Tag: nutrition

High Calorie Meal-Time Make-Over


By JULIE MATEL, RD, Stanford University CF Care Centre

cool-hunter-mcdonalds-fashion-makeover-1One of the challenges of living with cystic fibrosis is consuming enough calories to meet growth and weight gain goals. People with CF need 20 to 50 percent more calories than people without CF. For active teens and adults this can be as many as 3000 to 5000 calories: whereas someone without CF might require 2000 calories per day. Why so many calories?
People with CF may not absorb all of the calories from their food, even when taking enzymes with all meals and snacks. People
with CF may need more calories to breathe and to fight infections. Getting enough calories can feel like an insurmountable task
for people with CF. Below are some tips that may help.
1. Be an informed consumer
• Read labels
when you shop find the brand with the highest
amount of calories per serving. For example, one brand of
ice cream may have as many as 300 calories per ½ cup serving
versus 130 calories per serving in another brand!
2. Be consistent
• Avoid skipping meals.
Missing breakfast, for example can
leave you short calories for the day.
• Aim for three meals plus two to three snacks per day.
Eating multiple times during the day makes it more likely to
get the nutrition and calories you need.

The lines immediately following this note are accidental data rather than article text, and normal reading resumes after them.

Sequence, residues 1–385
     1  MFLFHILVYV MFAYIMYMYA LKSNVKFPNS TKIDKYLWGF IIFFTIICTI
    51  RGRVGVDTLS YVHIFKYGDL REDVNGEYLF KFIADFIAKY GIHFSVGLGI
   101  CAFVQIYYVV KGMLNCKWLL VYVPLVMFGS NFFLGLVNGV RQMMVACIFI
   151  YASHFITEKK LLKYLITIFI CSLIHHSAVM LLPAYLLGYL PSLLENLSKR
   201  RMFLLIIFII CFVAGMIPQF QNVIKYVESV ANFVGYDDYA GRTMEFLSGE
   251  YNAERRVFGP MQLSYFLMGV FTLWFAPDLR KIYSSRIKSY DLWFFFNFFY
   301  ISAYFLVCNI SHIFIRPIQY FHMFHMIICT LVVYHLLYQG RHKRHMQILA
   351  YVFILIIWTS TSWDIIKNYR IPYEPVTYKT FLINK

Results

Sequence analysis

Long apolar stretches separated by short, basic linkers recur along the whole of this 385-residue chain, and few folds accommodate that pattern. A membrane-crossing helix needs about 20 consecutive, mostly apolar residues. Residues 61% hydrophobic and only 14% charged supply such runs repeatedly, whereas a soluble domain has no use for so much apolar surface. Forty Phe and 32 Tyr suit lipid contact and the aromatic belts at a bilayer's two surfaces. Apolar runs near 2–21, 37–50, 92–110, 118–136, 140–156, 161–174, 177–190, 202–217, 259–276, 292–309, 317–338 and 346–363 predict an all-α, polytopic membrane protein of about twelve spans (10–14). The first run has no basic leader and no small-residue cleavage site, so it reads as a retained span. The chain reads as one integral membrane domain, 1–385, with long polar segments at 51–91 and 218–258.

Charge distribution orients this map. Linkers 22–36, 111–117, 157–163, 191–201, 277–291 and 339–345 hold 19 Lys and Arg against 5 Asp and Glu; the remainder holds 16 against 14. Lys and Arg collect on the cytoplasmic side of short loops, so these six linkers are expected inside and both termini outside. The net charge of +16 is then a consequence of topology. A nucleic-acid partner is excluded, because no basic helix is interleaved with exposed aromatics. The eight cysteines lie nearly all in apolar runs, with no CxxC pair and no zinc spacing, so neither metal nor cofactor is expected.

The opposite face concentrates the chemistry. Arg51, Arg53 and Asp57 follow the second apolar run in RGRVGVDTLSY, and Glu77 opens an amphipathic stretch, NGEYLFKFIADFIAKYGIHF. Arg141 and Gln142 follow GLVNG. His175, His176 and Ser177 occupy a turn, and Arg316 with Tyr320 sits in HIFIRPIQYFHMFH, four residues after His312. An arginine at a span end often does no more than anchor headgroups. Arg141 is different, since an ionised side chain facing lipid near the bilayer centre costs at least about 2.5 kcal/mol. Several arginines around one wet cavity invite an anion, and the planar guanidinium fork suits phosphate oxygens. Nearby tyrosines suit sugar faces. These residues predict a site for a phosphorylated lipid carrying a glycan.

• Bed-time snack.
Make this a routine. Choose comfort
foods such as whole milk and cookies or granola with full-fat
yogurt as a snack to look forward to before bed
3. Make your calories count
• Choose calorie dense foods
at meal and snack times.
• Avoid beverages between meals and snacks,
such as juice or soda. These can hinder appetites. Consume water between
meals and snacks instead.
4. Look for creative ways to add calories.
Below are some high calorie ideas:
* Trail mix in place of chips
* Muffins or croissants instead of plain bread
* Whole milk or half-and-half in place of low-fat milk
*Add cheese or guacamole or mayonaise to burgers and sandwiches
*Add crumbled bacon to rice, soup, pasta, eggs, or
* Include a milkshake or smoothie each
day as a snack
* Add peanut butter or whole-fat yogurt
to fruits
* Butter all toast, bread and sandwiches thickly with salted butter

Continue reading “High Calorie Meal-Time Make-Over”

Bowel movements are a good indicator of health

Much to the chagrin and embarrassment of CF patients everywhere, bowel movements are an important part of our lives. In many ways our bowel movements serve as a benchmark that lets us know how things are going, so to speak, with our digestive systems. Cystic fibrosis patients with pancreatic insufficiency should be especially aware of all things related to their digestive process, and be able to identify what’s normal for them and what isn’t.

When the pancreas is too blocked by mucus, it can’t deliver the enzymes necessary to break down the foods we eat, particularly proteins and fats. As a result, people with CF may have more frequent bowel movements because they are not absorbing the protein and fat that they are eating. As if that weren’t embarrassing enough, CF patients are also prone to flatulence (gas). Their gas and BMs can be particularly foul-smelling as the result of proteins and fats not being absorbed by the body.

So how can a person with CF determine what’s a normal BM and what isn’t? Consider these three factors:

1) Color